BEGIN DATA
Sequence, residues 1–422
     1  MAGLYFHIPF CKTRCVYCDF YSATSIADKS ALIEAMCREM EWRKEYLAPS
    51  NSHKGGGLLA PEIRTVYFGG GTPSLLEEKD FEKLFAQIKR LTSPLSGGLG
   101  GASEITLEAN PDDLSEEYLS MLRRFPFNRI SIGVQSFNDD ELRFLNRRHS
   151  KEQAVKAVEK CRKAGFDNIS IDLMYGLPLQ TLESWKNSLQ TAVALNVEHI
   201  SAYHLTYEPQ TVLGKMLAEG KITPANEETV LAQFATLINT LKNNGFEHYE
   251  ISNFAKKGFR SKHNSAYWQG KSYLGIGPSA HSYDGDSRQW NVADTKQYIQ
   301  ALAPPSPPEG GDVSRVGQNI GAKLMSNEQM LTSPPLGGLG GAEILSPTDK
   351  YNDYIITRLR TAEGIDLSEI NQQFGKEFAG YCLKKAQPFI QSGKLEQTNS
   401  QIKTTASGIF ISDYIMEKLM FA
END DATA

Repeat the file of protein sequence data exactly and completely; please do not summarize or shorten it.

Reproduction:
Sequence, residues 1–422
     1  MAGLYFHIPF CKTRCVYCDF YSATSIADKS ALIEAMCREM EWRKEYLAPS
    51  NSHKGGGLLA PEIRTVYFGG GTPSLLEEKD FEKLFAQIKR LTSPLSGGLG
   101  GASEITLEAN PDDLSEEYLS MLRRFPFNRI SIGVQSFNDD ELRFLNRRHS
   151  KEQAVKAVEK CRKAGFDNIS IDLMYGLPLQ TLESWKNSLQ TAVALNVEHI
   201  SAYHLTYEPQ TVLGKMLAEG KITPANEETV LAQFATLINT LKNNGFEHYE
   251  ISNFAKKGFR SKHNSAYWQG KSYLGIGPSA HSYDGDSRQW NVADTKQYIQ
   301  ALAPPSPPEG GDVSRVGQNI GAKLMSNEQM LTSPPLGGLG GAEILSPTDK
   351  YNDYIITRLR TAEGIDLSEI NQQFGKEFAG YCLKKAQPFI QSGKLEQTNS
   401  QIKTTASGIF ISDYIMEKLM FA